Some old 1/2" can be really tight,even rubbing down,if you have a socket former,(do peeps still use them today) you use that to open pipe instead of using joiner or even open up joiner a smidgen.
     
  9. Socket former : I had completely forgotten about that option ( age related ) quite neat for surface work (although does it matter under the floor) toolstation do one for £9.00.
    Plus a 15mm to 1/2 inch copper connector : I will then have everything to hand once I cut the pipe.

    I know that 1/2 inch was the internal size, that’s around around 12.7mm. The walls were a lot thicker those days and it varied.
    I guess the reason that some will say it fits into 15mm fittings and some have problems.

    However! good replies I will now have everything on hand for the job and KIAB thanks again for reminding me I am seriously thinking of getting one of those tools to open up the 1/2 inch pipe to go over the 15mm pipe ( only one joint ) assuming the pipe will not fit directly into a 15mm tee.
     
    Last edited: Jan 8, 2018
  10. Dr Bodgit

    Dr Bodgit Well-Known Member

    Socket former = swaging tool? I have one...hard work to use though.
     
  11. KIAB

    KIAB Well-Known Member

    Cheaper to buy 1/2 inch to 15mm end feed joiner,as you only one joint to do.
     
  12. Dr Bodgit

    Dr Bodgit Well-Known Member

    That is a fact. Try swaging 22m copper, takes all bloomin day then can't get a darn tool out!
     
  13. KIAB

    KIAB Well-Known Member

    But, I have one of these swagging tool, make expanding pipe for a socket so easy, I still keep it, even though it's seldom used nowadays.



    Now this looks a good tool.

     
    Last edited: Jan 9, 2018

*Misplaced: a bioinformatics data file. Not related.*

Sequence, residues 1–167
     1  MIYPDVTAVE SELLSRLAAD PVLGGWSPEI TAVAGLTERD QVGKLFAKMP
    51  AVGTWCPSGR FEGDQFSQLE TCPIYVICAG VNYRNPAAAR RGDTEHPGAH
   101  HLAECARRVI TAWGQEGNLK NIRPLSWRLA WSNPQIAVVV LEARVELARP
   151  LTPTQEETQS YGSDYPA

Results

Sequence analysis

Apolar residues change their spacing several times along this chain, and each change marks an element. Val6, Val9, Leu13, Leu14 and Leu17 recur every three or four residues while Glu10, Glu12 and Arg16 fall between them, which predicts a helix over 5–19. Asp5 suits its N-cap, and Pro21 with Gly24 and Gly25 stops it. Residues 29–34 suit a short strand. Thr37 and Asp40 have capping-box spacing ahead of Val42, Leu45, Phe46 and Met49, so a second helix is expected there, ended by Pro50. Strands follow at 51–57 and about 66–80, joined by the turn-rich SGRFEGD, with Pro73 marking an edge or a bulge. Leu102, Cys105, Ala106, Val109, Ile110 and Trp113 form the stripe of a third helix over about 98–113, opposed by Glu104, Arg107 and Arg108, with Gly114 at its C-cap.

14. Dr Bodgit

    Dr Bodgit Well-Known Member

    The tool I have is banged in with a hammer...pain in the neck.
     
  15. Pollowick

    Pollowick Well-Known Member

    Most of this is overkill for the OPs problem. As suggested, try the fitting and if very tight, a couple of quick circular rubs with emery cloth then wire wool. Check for fit, flux, assemble, solder.
     
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  16. KIAB

    KIAB Well-Known Member

    Yes, that why I suggested 1/2 inch to 15mm end feed joiner,as you only one joint to do.
     
  17. retiredsparks

    retiredsparks Well-Known Member

    You and your oversimplified solutions to problems....;)
    Give the others a chance to suggest complicated and time consuming and costly alternatives...
    Rs
     
  18. KIAB

    KIAB Well-Known Member

    retiredsparks likes this.
  19. retiredsparks

    retiredsparks Well-Known Member

    Exactly..........I love it when the DIYers are advised to invest in test gear, crimping tools and soldering irons...when half of them cant even pee straight...never mind about soldering.....
    If Op cant solder use a push fit fittings..thus.
    ;)
    Conversion-Connector2.jpg RS
     
    KIAB likes this.
  20. nigel willson

    nigel willson Well-Known Member

    I’ve both of them. Not used very often thou! Get out of jail card. But I’m also not plumbing full time either
     
    KIAB likes this.